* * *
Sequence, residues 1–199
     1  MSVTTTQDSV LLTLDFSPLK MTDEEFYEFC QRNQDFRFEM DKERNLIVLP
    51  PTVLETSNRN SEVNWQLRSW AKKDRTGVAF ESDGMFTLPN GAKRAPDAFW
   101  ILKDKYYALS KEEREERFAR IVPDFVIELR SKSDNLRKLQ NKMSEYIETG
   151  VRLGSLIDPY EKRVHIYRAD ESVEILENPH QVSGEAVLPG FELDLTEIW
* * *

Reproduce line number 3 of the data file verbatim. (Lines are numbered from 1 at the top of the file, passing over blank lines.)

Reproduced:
    51  PTVLETSNRN SEVNWQLRSW AKKDRTGVAF ESDGMFTLPN GAKRAPDAFW